Encyclopedia of Anti-Revisionism On-Line

Liu Shaoqi rehabilitated

Communist Party of China holds Central Committee meeting

First Published: Unity, Vol. 3, No. 6, March 14-27, 1980.
Transcription, Editing and Markup: Paul Saba
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The Eleventh Central Committee of the Communist Party of China recently concluded its fifth plenary meeting at which it passed on several major items, including the posthumous rehabilitation of Liu Shaoqi and the resignations of Wang Dongxing, Ji Dengkui, Wu De and Chen Xi-lian, all members of the 20-plus member Political Bureau of the Party, with Wang a part of its Standing Committee and a vice-chairman.

Other matters involved decisions to convene the 12th National Party Congress before its due date, perhaps by the end of the year. (Party congresses are held approximately every five years; the last one was held in 1977.) The Central Committee, with 201 full members and 118 alternate members, also elected two new members to the Standing Committee of the Political Bureau. These were Hu Yaobang and Zhao Zi-yang, veteran leaders who have distinguished themselves over the past several years in the modernization effort and the campaign to overturn the negative influences of Lin Biao and the “gang of four.”

The Central Committee also formed an eleven-member Secretariat of the Central Committee, which is empowered to carry out the day-to-day work of the Political Bureau and its Standing Committee. The Secretariat had been disbanded during the Cultural Revolution. Other decisions were made to improve inner party political life, recruit younger members for leading posts and other organizational matters.

The keynote of the meeting was, according to the official Communique issued at the meeting’s conclusion, “the upholding and improving of party leadership and the enhancing of the party’s fighting capacity, which constitute the most important guarantees for a smooth advance in socialist modernization.”

The most controversial topic was the rehabilitation of the former vice-chairman of the Party and President of the country, Liu Shaoqi. Liu had been the second top leader of the party next to Mao Zedong until the Cultural Revolution, which began in 1966. During the course of the upheaval, he was branded “China’s Khrushchev,” ostensibly for preaching revisionism which would lead to the overturning of socialism as in the Soviet Union. The campaign against Liu culminated in 1968 when he was expelled from the Party and labeled a “renegade, scab and traitor.”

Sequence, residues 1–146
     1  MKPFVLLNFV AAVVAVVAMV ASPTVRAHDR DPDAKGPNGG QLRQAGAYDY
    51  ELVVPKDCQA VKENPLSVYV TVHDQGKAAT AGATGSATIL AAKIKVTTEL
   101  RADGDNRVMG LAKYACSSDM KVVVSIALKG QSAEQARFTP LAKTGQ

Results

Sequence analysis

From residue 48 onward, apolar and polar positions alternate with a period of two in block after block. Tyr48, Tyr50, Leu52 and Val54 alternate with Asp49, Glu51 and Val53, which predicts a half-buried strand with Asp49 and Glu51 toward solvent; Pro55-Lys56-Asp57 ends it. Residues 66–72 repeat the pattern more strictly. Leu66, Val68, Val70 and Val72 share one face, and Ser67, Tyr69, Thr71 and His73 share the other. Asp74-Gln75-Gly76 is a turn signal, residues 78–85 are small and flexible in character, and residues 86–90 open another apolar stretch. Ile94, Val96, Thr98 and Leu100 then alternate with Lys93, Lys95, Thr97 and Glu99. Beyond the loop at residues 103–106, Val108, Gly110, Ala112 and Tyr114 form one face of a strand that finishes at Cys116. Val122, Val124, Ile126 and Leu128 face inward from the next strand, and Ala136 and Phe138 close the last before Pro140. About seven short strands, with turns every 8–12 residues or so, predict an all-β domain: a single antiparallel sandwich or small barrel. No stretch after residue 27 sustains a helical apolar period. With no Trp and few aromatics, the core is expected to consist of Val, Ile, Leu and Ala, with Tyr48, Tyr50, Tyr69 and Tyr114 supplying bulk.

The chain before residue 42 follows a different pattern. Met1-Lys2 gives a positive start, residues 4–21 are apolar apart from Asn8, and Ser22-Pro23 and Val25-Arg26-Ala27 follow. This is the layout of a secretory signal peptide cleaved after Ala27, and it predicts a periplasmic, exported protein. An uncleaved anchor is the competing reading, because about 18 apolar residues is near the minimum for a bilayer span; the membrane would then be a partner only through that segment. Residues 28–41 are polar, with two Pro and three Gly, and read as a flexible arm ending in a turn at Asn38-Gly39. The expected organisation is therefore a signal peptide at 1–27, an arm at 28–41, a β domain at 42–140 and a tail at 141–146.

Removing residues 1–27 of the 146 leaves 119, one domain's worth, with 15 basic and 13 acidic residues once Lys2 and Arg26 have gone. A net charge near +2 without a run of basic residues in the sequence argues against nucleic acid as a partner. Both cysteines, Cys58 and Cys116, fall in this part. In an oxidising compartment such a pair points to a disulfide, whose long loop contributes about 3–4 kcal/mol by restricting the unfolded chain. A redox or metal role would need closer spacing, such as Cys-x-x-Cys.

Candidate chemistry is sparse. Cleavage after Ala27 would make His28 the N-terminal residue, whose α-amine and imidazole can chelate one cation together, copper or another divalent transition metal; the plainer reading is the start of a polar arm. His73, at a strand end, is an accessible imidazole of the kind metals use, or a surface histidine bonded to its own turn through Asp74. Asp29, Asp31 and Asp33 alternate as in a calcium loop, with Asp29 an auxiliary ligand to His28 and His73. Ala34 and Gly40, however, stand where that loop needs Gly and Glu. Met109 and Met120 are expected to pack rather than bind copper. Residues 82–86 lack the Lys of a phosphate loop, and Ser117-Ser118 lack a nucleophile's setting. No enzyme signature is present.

The recent Central Committee meeting completely overturned these past judgments, stating that an incorrect assessment of the situation in the Party and country had been made on the eve of the Cultural Revolution. This assessment led to the belief that Liu was heading a “bourgeois headquarters” within the Party. Furthermore, the Communique noted, Lin Biao and the “gang of four” used this error for their own counterrevolutionary ends and “subjected Comrade Liu Shaoqi to political frame-up and physical persecution,” and also discredited a great many others. The Central Committee stated, “This biggest frame-up our Party has ever known in its history must be completely overturned,” and resurrected Liu as a “great Marxist and proletarian revolutionary.”

A memorial meeting is being planned for the future, as Liu died in disgrace in 1969.

Liu’s rehabilitation was not unexpected as it is the result of a major reevaluation of the recent history of the Party. This new assessment began following the fall of the “gang of four.” The way was cleared for the rehabilitation of Liu with the negative evaluation of the Cultural Revolution given by the Central Committee in September 1979, as expressed in elder statesman Ye Jianying’s speech on the 30th anniversary of the founding of People’s China. In the speech, Ye stated that the Cultural Revolution had brought disaster upon China’s socialist efforts. Previously, the Cultural Revolution had been evaluated positively.

Over the last couple of years, however, the Communist Party of China has produced extensive and convincing evidence that the Cultural Revolution seriously damaged China’s economic, political, cultural and social activities. The ten-year long struggle, from 1966 to the fall of the “gang of four” in 1976, left a deep scar on China.

The rehabilitation of Liu is part of the attempt of the Party to heal the wounds, and as it stated in its own words, “not only for his own sake, but in order that the Party and the people will forever remember this bitter lesson and make every effort to safeguard, consolidate and perfect socialist democracy and the socialist legal system.”

The resignations of the four party leaders from their posts apparently was related to Liu’s case and the Cultural Revolution, as the four had been identified in the past as strongly anti-Liu forces. The communique did not give the reasons for the resignations, nor did it elaborate on Liu’s policies or activities.